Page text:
How to manage infections caused by antibiotic resistant gram-negative bacteria -EBMT educational meeting from the severe aplastic anaemia and infectious diseases working parties, Naples, Italy, 2014

Research output: Contribution to journalArticle

Abstract

Multidrug resistant (MDR) Gram-negative bacteria are increasingly frequent in hematopoietic stem cell transplant (HSCT) recipients, yet their prevalence is highly variable among transplant centres. Thus, the knowledge of local epidemiology is mandatory for deciding the most appropriate management protocols. Empirical therapy of febrile neutropenia should be individualized. Either escalation or de-escalation strategy could be chosen, based on local epidemiology, individual risk factors for infection due to resistant strains, such as previous infection or colonization with a resistant pathogen, and clinical presentation. De-escalation approach is recommended in case of severe clinical presentation in patients who are at high risk of drug-resistant infection. Targeted therapy of MDR Gram-negatives, in particular carbapenem-resistant strains, calls for a combination treatment, usually including colistin. No large randomized trials exist in this setting. Local epidemiology dictates which resistant bacteria should be routinely screened for, and infection control precautions are mandatory to limit the spread of resistant strains. Antimicrobial stewardship, with the aim of the best possible management of bacterial infections, should be put in place in every transplant centre. In conclusion, infections caused by resistant Gram-negative bacteria in HSCT population warrant currently particular attention in order to limit their negative impact on transplant outcomes.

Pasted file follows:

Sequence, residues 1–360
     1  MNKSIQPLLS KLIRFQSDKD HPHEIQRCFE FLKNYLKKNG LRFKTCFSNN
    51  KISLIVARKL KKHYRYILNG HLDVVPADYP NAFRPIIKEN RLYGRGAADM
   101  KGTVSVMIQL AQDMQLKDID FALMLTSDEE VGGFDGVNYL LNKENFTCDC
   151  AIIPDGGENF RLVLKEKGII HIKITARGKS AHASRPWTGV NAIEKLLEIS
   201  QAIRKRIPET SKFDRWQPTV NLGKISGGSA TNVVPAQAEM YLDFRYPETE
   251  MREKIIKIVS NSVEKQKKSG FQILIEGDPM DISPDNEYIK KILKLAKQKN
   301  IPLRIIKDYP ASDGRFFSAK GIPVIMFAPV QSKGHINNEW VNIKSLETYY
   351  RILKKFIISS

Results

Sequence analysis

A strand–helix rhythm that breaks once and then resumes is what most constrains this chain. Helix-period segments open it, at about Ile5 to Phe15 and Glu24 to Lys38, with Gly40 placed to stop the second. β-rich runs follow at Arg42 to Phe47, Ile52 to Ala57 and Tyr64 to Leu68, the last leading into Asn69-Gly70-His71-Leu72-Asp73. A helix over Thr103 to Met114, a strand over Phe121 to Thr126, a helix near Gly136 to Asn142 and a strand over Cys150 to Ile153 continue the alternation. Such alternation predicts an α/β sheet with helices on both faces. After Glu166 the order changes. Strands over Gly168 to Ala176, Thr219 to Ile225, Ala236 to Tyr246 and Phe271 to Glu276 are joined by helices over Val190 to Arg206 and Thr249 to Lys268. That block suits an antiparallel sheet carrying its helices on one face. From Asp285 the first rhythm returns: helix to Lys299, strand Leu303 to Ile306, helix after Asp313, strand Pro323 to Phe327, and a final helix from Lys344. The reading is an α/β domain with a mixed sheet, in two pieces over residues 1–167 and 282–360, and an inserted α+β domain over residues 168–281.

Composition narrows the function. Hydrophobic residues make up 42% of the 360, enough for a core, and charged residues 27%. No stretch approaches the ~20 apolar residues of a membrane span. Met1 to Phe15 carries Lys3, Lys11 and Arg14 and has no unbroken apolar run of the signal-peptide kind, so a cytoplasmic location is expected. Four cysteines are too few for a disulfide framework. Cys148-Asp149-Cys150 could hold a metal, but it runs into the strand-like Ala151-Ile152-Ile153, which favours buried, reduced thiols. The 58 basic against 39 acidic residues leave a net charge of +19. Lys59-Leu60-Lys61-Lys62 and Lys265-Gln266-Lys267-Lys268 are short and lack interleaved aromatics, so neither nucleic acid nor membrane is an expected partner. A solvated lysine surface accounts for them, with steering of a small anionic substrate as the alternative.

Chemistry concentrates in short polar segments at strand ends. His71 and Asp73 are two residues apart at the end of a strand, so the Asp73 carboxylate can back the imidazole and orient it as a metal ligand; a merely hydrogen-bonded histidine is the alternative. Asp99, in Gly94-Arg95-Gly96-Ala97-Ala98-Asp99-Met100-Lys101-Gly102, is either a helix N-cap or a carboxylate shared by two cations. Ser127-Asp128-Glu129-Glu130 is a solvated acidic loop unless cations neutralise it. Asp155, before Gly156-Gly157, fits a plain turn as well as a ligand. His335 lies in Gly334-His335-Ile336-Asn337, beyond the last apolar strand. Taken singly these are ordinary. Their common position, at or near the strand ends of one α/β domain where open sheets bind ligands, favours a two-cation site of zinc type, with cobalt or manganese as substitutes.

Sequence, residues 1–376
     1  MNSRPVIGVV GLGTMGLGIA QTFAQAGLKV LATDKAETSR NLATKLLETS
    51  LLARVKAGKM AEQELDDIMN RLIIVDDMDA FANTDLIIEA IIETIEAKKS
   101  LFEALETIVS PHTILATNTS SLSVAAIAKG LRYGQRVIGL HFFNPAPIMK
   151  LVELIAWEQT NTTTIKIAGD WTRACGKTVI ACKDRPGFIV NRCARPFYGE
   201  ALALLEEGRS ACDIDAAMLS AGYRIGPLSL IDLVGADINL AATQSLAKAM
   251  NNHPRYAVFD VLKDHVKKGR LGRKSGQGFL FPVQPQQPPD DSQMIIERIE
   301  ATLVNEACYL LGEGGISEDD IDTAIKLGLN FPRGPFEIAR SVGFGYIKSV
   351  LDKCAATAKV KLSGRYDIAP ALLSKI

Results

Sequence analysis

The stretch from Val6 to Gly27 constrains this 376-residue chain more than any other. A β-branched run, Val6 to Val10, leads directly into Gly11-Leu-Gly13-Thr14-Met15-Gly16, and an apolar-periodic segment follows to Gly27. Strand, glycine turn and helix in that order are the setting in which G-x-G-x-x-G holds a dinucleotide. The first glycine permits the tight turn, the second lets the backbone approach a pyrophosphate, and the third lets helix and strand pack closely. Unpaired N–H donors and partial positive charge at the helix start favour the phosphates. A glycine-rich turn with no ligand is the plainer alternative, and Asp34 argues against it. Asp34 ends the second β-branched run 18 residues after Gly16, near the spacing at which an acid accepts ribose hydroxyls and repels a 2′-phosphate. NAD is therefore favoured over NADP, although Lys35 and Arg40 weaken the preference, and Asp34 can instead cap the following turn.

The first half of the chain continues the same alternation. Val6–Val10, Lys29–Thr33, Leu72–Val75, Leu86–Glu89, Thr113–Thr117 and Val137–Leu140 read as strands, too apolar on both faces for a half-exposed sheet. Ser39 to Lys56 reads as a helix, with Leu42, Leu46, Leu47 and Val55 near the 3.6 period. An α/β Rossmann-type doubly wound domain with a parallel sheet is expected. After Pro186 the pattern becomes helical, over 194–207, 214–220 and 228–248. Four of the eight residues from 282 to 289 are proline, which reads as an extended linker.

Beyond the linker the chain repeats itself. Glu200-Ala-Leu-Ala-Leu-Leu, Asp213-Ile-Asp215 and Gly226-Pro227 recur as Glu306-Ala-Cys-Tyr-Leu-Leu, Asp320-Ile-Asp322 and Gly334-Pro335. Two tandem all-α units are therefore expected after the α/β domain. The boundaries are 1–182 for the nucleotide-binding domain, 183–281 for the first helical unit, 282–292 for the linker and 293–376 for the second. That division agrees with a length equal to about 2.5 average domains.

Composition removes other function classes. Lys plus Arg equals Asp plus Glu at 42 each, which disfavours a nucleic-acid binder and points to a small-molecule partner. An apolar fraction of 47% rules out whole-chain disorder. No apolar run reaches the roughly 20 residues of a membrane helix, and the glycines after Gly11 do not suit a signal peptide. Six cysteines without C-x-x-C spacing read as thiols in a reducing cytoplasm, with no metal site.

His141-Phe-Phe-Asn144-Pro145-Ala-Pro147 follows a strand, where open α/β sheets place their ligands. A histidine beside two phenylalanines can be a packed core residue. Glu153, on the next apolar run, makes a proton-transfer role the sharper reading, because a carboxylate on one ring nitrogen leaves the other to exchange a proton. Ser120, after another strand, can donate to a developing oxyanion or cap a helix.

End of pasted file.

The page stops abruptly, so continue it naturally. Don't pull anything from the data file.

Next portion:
Original languageEnglish
JournalCurrent Drug Targets
Volume16
Publication statusPublished - 2015

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Keywords

  • Bloodstream infections
  • Colistin
  • De-escalation
  • Enterobacteriaceae
  • KPC-klebsiella pneumoniae
  • Multidrug resistant (MDR)
  • Pseudomonas aeruginosa
  • Transplant

ASJC Scopus subject areas

  • Molecular Medicine
  • Pharmacology
  • Drug Discovery
  • Clinical Biochemistry

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